How to build an IDE for both code and prose?
Writing articles and blog posts is a lot like writing code.
First, you nurture an idea in your mind. Perhaps the idea came to you in the shower, or maybe it was the result of long and focused consideration. Either way, you’re now ready to share it with the world.
Your intended audience may be a fellow coder, an IT manager, or a beginner developer. Or, it may be a compiler, an interpreter, or a parser. Whoever it is, your responsibility is to make yourself fully understood and to connect with the reader.
So where to start? When writing both prose and code, I find myself first jotting down ideas in a bunch of places: on a napkin in a cafe, in a notebook, or in a plain text editor. When inspiration strikes, even lipstick and a mirror can be a good way to write down what’s on your mind! But when it comes to developing that idea into a blog post, you quickly discover that some tools are better than others. Being both a writer of code and prose, I want to share with you my ideal environment for most of the writing I do.
The Text Editor
It wouldn’t be entirely accurate to describe myself as “old school.” After all, I do love new and shiny things and always rush to try the latest technology. But when it comes to writing and editing tools, I usually prefer command-line ones if they provide similar functionality to the GUI ones. (This may be the result of spending too much time playing Rogue when I was younger!)
You may have heard of the two major programmable editors available: Emacs and Vim. I’m all for Vim, and more specifically, I’m in the camp that chooses and uses Neovim. That said, it’s really a matter of personal preference. What I write below about Vim is probably also true with Emacs.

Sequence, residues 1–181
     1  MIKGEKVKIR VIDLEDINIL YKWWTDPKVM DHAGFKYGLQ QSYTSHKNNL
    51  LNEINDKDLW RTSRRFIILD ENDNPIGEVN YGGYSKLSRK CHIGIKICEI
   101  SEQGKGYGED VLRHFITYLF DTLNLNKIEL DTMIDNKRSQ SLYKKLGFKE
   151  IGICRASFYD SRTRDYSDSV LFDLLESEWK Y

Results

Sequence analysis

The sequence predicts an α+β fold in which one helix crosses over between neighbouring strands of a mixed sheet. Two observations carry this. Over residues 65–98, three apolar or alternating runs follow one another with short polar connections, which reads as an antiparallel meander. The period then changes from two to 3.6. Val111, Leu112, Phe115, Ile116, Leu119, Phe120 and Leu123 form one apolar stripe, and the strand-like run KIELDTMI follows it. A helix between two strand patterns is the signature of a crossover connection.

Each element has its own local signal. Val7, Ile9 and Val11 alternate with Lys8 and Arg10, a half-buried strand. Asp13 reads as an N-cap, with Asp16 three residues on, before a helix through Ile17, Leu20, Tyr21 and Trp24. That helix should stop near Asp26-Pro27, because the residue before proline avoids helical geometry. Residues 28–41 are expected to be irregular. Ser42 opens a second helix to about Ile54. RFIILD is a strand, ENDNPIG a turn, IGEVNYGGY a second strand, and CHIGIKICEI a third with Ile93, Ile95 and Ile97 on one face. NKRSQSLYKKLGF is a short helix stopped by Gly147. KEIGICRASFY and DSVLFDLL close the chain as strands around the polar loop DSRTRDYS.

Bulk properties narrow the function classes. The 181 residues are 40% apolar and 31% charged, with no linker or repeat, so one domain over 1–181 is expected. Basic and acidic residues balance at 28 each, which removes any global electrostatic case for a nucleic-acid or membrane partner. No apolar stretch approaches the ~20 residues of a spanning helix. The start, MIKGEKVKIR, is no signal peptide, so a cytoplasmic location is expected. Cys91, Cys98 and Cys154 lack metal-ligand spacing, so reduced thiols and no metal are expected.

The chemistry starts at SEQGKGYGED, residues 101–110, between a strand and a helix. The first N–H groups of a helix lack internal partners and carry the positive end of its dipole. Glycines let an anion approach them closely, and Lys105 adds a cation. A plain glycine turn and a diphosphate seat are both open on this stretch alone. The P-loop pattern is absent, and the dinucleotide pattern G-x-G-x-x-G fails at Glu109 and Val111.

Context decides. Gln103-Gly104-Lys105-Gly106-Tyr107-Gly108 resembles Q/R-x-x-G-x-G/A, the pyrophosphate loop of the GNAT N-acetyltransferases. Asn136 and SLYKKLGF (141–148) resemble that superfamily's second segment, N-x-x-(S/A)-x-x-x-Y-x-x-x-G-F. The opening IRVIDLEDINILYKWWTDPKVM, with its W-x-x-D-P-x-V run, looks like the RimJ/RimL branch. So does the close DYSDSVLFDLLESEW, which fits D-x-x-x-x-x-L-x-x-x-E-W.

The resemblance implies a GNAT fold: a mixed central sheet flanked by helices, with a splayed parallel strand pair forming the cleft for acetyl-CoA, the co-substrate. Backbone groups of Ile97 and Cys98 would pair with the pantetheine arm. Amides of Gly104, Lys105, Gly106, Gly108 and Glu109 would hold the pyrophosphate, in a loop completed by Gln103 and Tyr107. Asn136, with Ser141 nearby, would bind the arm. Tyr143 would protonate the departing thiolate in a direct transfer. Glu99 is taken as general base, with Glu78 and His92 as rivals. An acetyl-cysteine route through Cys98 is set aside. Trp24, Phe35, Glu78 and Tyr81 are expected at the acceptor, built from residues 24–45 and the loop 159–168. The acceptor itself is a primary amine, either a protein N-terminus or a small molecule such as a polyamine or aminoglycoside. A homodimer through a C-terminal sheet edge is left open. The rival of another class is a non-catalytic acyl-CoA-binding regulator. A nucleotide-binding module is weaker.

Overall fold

Vim in itself is just a text editor, and it doesn’t make many assumptions about the type of content you’re editing. But thanks to scripting and plugins, it can take any shape you like, making use of external tools to help you with your job. It can edit C++ code and format it with clang-format while offering auto-completion based on LLVM. It can edit Python code, providing you with an interactive REPL. It can even offer an interactive debugger based on LLDB. Depending on the type of file you’re editing, it will present you with the most suitable aids available.
It’s just as good with prose as it is with code, no matter if you write in LaTex, in plain-text, or in Markdown. For most of my writing, I prefer Markdown. Let me tell you why.
For most of the text I write, I don’t need fancy formatting, like changing font style or background color. The formatting options I really do need are a structure (different levels of headers for sections, subsections, and so on), hyperlinks (for obvious reasons), emphasis (bold and italics), ordered and unordered lists, and usually code formatting (which requires monospace font). Markdown offers it all and in a natural fashion. (Well, at least natural for me, a guy who remembers Usenet.)
Headers are distinguished by one or more leading
# Heading 1 is a section of which